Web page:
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UBC Theses and Dissertations

Learning algorithms for manipulator control Huscroft, Charles Kevin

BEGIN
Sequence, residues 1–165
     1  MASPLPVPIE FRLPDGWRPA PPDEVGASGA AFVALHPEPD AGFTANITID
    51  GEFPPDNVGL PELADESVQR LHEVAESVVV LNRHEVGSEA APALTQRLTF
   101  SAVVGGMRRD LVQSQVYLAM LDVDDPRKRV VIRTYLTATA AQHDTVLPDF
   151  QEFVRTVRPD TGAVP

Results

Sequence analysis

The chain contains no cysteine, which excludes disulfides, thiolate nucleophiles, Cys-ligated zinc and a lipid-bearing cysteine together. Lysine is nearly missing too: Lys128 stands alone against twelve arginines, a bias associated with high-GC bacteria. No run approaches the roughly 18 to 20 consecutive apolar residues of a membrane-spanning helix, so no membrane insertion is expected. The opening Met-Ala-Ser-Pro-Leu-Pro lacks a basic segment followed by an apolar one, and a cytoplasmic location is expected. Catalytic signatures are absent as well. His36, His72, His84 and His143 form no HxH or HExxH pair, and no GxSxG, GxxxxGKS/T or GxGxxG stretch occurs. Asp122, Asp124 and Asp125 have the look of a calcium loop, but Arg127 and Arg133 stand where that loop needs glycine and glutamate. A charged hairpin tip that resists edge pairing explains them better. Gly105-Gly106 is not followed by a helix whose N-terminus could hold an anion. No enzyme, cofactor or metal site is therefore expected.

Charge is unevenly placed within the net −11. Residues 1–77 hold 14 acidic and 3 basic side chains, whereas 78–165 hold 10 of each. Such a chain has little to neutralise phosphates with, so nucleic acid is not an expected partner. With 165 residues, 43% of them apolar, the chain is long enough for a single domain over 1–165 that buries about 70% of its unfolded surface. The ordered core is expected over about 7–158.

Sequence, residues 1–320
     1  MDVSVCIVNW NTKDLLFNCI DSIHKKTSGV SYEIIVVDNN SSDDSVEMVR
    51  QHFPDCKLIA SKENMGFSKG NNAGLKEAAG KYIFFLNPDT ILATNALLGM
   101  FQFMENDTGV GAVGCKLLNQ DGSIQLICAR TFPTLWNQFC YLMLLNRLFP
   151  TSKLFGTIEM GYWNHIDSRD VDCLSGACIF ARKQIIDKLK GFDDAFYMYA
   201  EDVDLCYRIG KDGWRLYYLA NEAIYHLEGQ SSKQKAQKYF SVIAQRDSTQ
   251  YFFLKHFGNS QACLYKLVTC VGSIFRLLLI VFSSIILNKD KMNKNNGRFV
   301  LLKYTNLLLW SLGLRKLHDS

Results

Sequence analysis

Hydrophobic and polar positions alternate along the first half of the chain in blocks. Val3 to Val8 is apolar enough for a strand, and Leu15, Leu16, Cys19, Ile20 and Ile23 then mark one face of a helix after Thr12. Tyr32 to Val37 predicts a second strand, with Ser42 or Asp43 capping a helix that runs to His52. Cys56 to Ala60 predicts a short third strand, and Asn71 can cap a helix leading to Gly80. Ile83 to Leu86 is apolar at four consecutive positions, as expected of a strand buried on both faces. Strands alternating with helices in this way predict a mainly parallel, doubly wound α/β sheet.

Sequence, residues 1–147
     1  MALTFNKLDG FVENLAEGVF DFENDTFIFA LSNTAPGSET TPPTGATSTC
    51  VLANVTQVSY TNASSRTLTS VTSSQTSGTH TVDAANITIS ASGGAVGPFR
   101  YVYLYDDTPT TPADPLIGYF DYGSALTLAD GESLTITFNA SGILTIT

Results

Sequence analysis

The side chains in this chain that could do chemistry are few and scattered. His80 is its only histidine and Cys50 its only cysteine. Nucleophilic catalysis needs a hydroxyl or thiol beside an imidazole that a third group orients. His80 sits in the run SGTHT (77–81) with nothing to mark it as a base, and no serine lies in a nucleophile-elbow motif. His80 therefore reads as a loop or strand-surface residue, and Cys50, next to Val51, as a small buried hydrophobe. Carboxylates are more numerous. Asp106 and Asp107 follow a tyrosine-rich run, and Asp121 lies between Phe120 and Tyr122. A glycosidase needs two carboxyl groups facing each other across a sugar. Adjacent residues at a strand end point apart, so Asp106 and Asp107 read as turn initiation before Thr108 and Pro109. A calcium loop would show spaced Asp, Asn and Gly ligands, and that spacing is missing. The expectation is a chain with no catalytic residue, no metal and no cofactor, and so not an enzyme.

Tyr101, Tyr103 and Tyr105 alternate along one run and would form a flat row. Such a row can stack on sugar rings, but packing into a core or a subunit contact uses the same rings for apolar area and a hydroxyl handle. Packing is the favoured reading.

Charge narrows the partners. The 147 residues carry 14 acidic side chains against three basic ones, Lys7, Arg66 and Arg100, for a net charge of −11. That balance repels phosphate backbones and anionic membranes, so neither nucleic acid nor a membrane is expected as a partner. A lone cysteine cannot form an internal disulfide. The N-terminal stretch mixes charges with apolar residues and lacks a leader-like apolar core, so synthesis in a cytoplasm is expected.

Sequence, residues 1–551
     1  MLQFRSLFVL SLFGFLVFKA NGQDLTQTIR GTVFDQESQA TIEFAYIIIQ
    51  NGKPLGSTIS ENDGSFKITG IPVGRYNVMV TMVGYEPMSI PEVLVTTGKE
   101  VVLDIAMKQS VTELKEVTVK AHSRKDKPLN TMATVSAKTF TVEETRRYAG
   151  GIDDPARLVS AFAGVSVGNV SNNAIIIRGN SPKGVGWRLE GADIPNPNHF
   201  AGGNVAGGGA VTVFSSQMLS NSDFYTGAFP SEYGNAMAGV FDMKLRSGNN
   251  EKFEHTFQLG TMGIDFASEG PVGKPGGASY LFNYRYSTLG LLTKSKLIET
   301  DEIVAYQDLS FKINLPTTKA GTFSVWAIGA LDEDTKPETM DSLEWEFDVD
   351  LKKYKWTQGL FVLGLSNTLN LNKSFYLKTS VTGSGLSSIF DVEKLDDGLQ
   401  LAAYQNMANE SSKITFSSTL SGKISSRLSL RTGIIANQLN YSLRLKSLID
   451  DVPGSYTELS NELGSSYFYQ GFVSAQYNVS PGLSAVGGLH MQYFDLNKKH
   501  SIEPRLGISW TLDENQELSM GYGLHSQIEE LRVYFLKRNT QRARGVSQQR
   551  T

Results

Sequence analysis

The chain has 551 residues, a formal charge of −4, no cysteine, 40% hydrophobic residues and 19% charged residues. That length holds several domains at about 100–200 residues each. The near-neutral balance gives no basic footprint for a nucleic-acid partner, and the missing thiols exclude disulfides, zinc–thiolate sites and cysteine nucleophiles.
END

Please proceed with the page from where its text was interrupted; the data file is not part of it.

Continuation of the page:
A method of robot manipulator control is proposed whereby algorithms are used to learn sum of polynomials representations of manipulator dynamics and kinematics relationships. The learned relationships are utilized to control the manipulator using the technique of Resolved Acceleration Control. Such learning is achieved without recourse to analysis of the manipulator; hence the name Self-Learned Control. Rates of convergence of several learning algorithms are compared when learning estimates of various non-linear, multivariate functions. Interference Minimization is found to be superior to the Gradient Method, Learning Identification and the Klett Cerebellar Model. Simplification of the implementation of Interference Minimization is described. A variant, Pointwise Interference Minimization, is introduced that is suitable for certain applications. Self-Learned Control with path specification in Cartesian coordinates is demonstrated for a simulated two link manipulator. It is shown that sum of polynomials representations of the inverse dynamics, inverse kinematics and direct position kinematics relationships are adequate to achieve control comparable to that achieved using their analytical counterparts and can be learned without analysis of the manipulator. Further research is outlined to achieve automatic adaptation to tool mass, implementation of sum of polynomials estimators and enhancement of the Klett Cerebellar Model.

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